A Queens man fighting for more than a decade to regain control of the house he lost through a mortgage fraud could still be evicted — even after helping out in the federal case that convicted the man who took his deed.
Johnnie Jackson, 64, has lived in the three-story white house in St. Albans for most of his life, he told THE CITY. His father transferred the home over to him as a birthday gift in 1994, and a few years later the mortgage on the home was paid off, city documents show.
He took out a $108,000 mortgage on July 29, 2010 to help pay for some repairs, and less than a year later sought to refinance the loan after seeing low-rate ads in local newspapers, he said.
But the refinancing company, Express Home Solutions, turned out to be one of many launched by David Gotterup of Long Island as part of what the feds say was a scheme to defraud homeowners and banks who lent money, according to federal court documents stemming from a 2015 case.
Jackson had signed paperwork that he thought was for the refinancing, but was actually to transfer the ownership of the house into the name of an alleged associate of EHS, James Campisi, according to federal prosecutors and city property records.
Another mortgage on the home was taken out in Campisi’s name on May 19, 2011 to withdraw cash on the property — but payments stopped, court documents show.
Jackson only realized he was no longer the home’s owner when a person knocked on his door one day to ask him for rent sometime in 2011.
“I said, ‘Rent money? What do you mean, rent money?” he told THE CITY.
He went to the district attorney’s office to report what happened to his house, and found out federal prosecutors had already started investigating Gotterup.
Gotterup in 2017 took a plea deal on only one of the many indictments in the case, involving loan-modification scams, but it didn’t include Jackson’s home. So he’s not officially eligible for restitution, according to his lawyers.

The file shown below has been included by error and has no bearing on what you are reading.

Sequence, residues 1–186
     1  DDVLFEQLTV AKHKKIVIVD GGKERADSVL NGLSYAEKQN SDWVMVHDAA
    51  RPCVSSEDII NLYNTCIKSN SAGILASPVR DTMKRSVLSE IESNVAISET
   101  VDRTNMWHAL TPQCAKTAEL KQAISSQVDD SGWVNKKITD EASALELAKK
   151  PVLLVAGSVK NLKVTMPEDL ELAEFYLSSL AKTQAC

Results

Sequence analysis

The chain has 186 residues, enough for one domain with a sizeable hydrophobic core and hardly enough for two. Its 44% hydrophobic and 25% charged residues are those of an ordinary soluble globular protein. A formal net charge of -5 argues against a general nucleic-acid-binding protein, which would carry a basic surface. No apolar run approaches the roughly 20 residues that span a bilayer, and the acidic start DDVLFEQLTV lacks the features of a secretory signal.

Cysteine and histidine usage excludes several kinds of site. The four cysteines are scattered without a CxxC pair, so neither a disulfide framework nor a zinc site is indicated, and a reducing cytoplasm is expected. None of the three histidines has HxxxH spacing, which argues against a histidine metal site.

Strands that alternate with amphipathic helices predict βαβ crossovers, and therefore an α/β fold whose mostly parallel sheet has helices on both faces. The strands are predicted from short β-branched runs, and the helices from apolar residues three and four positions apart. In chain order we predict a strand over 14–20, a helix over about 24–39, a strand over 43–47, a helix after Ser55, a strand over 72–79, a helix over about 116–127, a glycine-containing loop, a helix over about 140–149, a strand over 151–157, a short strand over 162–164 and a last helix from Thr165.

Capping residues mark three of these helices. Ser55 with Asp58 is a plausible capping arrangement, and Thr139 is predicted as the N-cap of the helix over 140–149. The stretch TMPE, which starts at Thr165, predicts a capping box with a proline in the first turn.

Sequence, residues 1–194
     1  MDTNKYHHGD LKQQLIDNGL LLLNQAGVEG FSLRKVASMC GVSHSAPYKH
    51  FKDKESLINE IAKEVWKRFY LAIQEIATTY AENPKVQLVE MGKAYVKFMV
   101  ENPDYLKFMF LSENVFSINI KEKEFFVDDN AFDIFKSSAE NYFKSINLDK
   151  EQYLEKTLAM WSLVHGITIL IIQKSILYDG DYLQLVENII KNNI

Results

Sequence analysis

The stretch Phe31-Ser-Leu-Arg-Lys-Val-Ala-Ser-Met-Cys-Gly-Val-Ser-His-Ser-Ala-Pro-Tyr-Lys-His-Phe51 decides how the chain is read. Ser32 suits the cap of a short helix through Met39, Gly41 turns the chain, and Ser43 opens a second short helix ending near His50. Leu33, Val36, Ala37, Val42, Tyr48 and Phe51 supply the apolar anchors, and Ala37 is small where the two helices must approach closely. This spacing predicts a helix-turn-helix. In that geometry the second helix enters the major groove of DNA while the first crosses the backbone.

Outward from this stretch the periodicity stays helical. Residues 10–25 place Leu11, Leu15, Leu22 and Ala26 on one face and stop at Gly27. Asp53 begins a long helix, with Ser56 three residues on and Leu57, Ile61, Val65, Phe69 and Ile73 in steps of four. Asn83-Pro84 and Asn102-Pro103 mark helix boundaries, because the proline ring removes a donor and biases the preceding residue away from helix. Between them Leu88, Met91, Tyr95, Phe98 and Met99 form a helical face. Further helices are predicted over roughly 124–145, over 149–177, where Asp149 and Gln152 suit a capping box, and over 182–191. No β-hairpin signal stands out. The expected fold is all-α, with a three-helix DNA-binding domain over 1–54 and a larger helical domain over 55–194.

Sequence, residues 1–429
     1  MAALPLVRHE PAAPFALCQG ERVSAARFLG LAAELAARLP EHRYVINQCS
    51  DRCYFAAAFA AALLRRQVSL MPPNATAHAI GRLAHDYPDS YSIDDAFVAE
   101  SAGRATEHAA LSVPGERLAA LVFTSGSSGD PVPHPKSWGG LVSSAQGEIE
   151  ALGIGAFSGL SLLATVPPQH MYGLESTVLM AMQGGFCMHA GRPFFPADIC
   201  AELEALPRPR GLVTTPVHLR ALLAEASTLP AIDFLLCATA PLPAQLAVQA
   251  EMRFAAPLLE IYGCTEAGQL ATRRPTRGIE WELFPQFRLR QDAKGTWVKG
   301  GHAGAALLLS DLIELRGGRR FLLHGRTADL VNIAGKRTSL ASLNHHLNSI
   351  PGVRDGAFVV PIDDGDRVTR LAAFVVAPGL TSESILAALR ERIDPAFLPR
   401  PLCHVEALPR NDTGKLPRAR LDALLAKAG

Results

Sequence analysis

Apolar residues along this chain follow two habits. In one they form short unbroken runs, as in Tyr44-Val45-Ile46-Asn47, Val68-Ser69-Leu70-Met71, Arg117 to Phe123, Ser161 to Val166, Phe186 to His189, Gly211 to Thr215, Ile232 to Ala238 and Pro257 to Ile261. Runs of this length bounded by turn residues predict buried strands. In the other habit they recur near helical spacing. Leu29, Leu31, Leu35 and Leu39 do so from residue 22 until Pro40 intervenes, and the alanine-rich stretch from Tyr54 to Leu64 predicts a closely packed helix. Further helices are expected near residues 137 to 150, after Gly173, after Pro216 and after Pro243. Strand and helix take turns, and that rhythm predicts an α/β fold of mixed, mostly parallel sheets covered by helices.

In the 11 years since being scammed, Jackson has fought unsuccessfully to get the home’s deed transferred back over to him. Further complicating the process is that there’s a six-year statute of limitation on what’s known as a “quiet title action” — a legal proceeding that determines the rightful owner of a property.
The clock started ticking as soon as the fraud happened, so the deadline passed in 2017, as the federal trial was ending.
Now Jackson faces eviction from the house he shares with his brother and two of his dad’s former caretakers.
He had some support from the federal investigators whom he helped on the case. In July, they gave Jackson a letter for housing court that confirmed he lost his house due to a mortgage scheme. Following inquiries by THE CITY, the feds said they needed to amend the letter to note that Gotterup did not plead guilty to the charges in Jackson’s case.
Jackson said he still feels like he’s been abandoned by the governmental agencies he helped.
“Everybody said they’re sorry, but I’m out of a house that was paid for,” said Jackson, who works as a long-haul driver for UPS.
His next date in Queens Housing Court is Oct. 20.
A Rampant Problem
Between 2008 and 2011, Gotterup and his associates advertised in local papers and even went door-to-door at homes across New York City to push homeowners to refinance their homes, according to federal prosecutors.
In all, his companies defrauded more than 1,000 homeowners across the city, federal prosecutors said. In 2017, Gotterup received a 15-year prison sentence for crimes including conspiracy to commit wire, mail and bank fraud. He’s currently at a federal facility in Sunset Park, Brooklyn, according to Bureau of Prison records.
In court it was revealed that, with the ill-gotten deed, a $370,000 mortgage was taken out in Campisi’s name on the St. Albans home — but no one ever made any payments, which began foreclosure proceedings.
He then entered into a “deed in lieu of foreclosure” deal with the bank, which usually means the owner hands the deed to the bank and moves out. But Campisi never lived in the home. Jackson did.
In 2019, Jackson received an eviction notice from that bank, Wilmington Trust, which became a trustee of the mortgage. The pandemic delayed some of the proceedings but he could be gone from the house within the next few months.
“It’s a matter of equity and justice,” Jennifer Levy, a lawyer with the Legal Aid Society of New York in its Foreclosure Prevention Unit, told THE CITY. Another Legal Aid lawyer has been assisting Jackson in his eviction case.
“It’s unfair because this homeowner is losing his home because of strict statute of limitations law, he was a cooperating witness.”
A spokesperson for Wilmington Trust, a division of M&T Bank, declined to comment on the case. Campisi could not be reached for comment.
Earlier this summer, the Legal Aid Society called on district attorneys across the city to do a better job of protecting victims of deed fraud. The New York Times reported in July that there were more than 3,350 complaints of deed fraud across the city between July 2014 and February 2022 – but few cases are ever prosecuted.